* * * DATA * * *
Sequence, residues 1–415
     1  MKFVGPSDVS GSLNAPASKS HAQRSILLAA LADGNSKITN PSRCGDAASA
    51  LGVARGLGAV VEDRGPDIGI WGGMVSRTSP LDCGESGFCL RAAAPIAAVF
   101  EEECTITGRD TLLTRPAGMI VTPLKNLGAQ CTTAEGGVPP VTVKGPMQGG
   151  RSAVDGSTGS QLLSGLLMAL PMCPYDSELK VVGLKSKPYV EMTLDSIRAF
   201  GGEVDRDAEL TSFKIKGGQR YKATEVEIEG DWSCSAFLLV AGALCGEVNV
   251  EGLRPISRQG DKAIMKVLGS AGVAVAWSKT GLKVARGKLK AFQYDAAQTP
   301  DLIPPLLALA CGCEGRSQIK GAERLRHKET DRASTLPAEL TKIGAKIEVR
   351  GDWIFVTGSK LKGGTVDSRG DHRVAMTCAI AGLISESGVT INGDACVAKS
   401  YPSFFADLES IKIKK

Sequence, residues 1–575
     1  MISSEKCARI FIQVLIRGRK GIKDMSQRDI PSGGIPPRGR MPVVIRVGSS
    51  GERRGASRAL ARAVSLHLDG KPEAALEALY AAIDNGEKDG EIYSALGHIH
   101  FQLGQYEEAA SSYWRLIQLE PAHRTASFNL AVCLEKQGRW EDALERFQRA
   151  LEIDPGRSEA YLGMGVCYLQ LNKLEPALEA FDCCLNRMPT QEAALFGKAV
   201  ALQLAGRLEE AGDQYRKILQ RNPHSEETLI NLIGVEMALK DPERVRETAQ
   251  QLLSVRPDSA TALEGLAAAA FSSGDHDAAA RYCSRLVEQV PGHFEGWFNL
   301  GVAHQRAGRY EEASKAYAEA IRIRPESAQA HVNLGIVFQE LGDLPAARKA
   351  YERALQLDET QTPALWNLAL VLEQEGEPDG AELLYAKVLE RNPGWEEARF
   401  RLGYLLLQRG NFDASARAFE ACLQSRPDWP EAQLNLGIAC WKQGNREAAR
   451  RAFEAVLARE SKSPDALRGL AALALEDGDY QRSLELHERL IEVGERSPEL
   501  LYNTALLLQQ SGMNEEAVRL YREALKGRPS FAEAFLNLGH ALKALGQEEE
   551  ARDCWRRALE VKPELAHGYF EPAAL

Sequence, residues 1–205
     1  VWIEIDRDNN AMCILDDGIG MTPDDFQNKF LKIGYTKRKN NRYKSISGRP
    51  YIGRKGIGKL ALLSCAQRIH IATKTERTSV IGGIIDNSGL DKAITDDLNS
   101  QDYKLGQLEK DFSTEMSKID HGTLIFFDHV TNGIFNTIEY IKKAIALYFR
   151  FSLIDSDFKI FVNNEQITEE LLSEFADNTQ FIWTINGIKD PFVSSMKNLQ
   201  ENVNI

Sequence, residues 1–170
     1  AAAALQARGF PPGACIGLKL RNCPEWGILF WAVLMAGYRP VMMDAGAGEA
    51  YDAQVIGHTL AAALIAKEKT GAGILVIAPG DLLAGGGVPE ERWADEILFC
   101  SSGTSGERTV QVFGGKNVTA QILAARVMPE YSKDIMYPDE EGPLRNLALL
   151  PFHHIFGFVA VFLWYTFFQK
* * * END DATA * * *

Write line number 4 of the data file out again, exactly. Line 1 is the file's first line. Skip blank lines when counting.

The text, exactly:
   101  EEECTITGRD TLLTRPAGMI VTPLKNLGAQ CTTAEGGVPP VTVKGPMQGG